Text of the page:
Posts Tagged ‘food labels’

Food read round-up: GM alfalfa, endangered bees and misleading food claims

Wednesday, August 7th, 2013

Butterfly gathering pollen from flowering alfalfa
Photo: C. Wainwright, via Flickr


Genetically modified (GM) seeds, the wholesale use of herbicides and pesticides, deceptive product marketing and labeling: however you look at it, the industrial system that supplies much of the world’s food doesn’t  inspire confidence.

What can consumers do? Support local food producers. Push for more effective regulation. Above all, keep asking questions about how food is produced, and hold food companies, retailers and politicians to account.

Farmers seek environmental assessment of GM alfalfa from Ontario government:  The Health Canada and the Canadian Food Inspection Agency (CFIA) approved genetically modified (GM) alfalfa back in 2005, but it wasn’t legal to grow it until recently.  In April 2013, federal agriculture minister Gerry Ritz allowed registration of one variety of GM alfalfa, leaving the door open for biotech companies to put their seeds on the market.  Forage Genetics International is already pushing to introduce the seeds in Eastern Canada.

Many farmers and other groups oppose GM seeds, citing risks such as contamination of non-GM crops and the loss of exports to markets (EU, Japan) where GM crops are not accepted. Given the federal government’s stance, two Ontario farmers have asked the provincial government to conduct an environmental assessment of the seed before it’s sold here.  They made the request under the under Ontario’s Environmental Bill of Rights, which allows residents to request an assessment if they believe a new commercial activity could have a negative effect on the environment and economy.  It’s the first GM-related request made under the bill and was prepared by individuals and groups concerned about the risks of GM alfalfa, with supporting evidence from the Organic Agriculture Protection Fund, the National Farmers Union and the Canadian Biotechnology Action Network (CBAN).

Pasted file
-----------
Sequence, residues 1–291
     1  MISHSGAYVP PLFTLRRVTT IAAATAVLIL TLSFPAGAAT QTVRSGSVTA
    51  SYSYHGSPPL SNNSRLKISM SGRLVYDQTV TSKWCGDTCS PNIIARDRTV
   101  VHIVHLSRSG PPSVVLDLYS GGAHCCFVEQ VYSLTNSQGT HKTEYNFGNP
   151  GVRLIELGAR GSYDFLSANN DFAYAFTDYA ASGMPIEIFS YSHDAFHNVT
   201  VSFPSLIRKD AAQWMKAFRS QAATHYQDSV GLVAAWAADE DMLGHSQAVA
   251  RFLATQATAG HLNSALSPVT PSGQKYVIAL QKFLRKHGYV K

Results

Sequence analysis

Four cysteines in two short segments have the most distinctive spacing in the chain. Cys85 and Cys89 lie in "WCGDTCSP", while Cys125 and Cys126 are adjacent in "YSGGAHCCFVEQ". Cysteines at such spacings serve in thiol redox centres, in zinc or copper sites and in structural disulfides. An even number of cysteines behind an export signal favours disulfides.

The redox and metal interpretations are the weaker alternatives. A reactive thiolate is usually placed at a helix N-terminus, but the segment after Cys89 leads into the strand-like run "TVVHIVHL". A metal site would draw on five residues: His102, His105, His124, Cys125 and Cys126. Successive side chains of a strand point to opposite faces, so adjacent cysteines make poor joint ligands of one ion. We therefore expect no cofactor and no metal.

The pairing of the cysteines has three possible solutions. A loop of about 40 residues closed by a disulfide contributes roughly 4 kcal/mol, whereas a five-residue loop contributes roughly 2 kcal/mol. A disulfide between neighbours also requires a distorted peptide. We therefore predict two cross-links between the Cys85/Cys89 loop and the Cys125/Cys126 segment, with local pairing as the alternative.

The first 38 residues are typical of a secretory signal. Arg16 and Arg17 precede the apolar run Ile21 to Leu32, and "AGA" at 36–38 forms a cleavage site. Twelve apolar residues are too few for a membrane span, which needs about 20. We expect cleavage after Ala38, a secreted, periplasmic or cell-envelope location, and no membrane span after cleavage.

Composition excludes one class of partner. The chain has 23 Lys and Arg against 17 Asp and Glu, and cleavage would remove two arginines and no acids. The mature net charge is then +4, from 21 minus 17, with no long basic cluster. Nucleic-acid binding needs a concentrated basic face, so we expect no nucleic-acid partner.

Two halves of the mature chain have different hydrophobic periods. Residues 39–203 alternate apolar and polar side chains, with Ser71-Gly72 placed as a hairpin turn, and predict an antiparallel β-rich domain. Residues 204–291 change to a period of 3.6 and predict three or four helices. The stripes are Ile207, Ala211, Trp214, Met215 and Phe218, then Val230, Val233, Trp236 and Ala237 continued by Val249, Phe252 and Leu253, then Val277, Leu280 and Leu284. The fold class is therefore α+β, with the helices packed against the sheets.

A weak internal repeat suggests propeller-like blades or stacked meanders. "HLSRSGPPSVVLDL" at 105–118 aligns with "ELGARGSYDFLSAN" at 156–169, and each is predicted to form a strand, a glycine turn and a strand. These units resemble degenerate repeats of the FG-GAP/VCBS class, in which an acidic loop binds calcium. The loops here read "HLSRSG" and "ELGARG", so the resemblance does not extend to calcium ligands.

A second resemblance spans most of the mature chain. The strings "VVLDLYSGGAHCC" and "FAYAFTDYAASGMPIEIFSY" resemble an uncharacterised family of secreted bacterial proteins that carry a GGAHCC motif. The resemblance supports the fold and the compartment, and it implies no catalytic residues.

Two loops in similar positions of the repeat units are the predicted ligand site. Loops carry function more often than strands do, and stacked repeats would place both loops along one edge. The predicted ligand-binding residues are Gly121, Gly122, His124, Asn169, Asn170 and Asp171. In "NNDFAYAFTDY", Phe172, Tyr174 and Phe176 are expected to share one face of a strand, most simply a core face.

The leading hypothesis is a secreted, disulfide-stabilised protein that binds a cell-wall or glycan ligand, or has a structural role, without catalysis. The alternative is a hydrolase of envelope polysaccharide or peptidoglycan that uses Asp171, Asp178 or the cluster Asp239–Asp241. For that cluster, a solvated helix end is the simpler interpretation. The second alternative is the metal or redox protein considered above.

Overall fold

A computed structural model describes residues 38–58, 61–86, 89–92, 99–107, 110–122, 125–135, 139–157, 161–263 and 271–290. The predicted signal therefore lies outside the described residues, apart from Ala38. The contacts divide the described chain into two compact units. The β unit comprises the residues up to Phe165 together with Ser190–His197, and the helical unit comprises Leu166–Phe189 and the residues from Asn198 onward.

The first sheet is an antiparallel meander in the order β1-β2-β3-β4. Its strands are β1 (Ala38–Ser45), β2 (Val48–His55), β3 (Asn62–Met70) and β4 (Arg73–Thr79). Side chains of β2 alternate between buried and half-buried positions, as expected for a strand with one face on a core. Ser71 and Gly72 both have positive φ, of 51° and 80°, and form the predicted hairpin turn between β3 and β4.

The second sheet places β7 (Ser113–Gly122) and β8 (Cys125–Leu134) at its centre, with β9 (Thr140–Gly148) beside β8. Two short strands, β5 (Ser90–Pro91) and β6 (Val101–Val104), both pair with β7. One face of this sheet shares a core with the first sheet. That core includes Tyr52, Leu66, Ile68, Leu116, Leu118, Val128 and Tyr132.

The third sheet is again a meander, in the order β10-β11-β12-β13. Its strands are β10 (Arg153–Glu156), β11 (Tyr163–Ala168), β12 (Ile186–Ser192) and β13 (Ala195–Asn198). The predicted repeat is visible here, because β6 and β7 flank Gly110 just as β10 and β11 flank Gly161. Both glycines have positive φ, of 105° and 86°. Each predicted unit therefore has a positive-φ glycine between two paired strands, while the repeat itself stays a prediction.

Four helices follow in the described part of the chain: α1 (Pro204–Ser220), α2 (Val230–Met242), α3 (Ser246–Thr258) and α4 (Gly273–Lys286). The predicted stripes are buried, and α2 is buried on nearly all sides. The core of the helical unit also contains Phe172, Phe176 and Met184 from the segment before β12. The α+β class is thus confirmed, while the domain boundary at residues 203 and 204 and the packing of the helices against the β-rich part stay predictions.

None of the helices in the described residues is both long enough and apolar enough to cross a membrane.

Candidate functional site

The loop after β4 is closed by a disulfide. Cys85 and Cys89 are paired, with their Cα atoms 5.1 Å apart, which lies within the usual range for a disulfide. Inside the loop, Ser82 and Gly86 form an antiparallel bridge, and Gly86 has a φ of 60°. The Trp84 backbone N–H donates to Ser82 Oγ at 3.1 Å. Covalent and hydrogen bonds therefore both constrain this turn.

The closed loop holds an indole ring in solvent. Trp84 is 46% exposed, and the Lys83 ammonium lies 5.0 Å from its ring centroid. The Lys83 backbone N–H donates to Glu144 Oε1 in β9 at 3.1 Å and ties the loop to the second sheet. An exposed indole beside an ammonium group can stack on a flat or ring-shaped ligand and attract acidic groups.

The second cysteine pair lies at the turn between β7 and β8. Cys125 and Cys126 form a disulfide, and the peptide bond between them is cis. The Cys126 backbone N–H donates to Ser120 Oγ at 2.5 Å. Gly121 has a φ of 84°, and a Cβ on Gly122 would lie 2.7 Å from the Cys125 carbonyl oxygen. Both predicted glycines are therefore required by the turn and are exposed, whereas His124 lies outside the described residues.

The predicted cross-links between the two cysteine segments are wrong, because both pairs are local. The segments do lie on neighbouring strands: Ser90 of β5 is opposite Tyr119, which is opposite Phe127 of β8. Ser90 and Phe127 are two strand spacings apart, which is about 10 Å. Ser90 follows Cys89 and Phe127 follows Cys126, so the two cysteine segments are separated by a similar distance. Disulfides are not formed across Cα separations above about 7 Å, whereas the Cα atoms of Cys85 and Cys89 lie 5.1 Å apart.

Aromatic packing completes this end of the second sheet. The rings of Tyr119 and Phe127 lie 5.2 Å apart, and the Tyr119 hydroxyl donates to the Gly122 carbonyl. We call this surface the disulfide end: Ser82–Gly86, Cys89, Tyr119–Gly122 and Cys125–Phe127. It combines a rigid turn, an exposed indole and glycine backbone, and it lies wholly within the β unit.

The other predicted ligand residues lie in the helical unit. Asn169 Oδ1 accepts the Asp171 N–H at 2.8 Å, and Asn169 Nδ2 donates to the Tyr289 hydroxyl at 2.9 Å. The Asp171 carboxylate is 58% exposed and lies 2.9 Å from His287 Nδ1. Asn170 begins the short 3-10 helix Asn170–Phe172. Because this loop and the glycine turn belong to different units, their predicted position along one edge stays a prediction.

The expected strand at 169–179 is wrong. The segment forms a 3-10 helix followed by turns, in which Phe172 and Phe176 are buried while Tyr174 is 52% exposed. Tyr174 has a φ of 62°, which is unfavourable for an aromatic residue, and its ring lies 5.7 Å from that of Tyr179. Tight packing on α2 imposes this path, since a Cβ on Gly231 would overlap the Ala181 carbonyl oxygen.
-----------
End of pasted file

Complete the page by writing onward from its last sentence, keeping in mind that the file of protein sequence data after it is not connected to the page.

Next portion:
The request argues that the GM crop would irreversibly contaminate the environment, promote herbicide-resistant weeds, encourage more herbicide use, and hurt farms, farmers and the food supply. A widely planted perennial, alfalfa flowers several times each season and is pollinated by a variety of insects, significantly raising the risk of contamination from GM varieties.

Ontario forms new working group to support bee health: As reports of declining bee populations continue to make headlines, Ontario Premier Kathleen Wynne has announced that her government would form a working group to study bee health. Made up of beekeepers, farmers, representatives of food agribusiness, scientists and government officials, the group is to develop and release a plan to protect the bees by spring 2014.

As I wrote in an earlier post, the EU has banned several insect nerve agents known as neonicotinoids,  which have been linked to the decline in bees and other pollinators. Health Canada’s Pest Management Regulatory Agency is re-evaluating neonicotinoid use but won’t issue a report until 2018. Given the urgency of the problem, Premier Wynne has asked the report date be advanced “significantly.”